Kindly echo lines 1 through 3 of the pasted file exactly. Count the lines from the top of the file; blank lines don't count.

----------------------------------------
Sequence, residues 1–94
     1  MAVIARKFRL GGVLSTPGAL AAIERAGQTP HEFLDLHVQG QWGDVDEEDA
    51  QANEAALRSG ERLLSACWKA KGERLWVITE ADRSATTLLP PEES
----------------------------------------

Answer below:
Sequence, residues 1–94
     1  MAVIARKFRL GGVLSTPGAL AAIERAGQTP HEFLDLHVQG QWGDVDEEDA
    51  QANEAALRSG ERLLSACWKA KGERLWVITE ADRSATTLLP PEES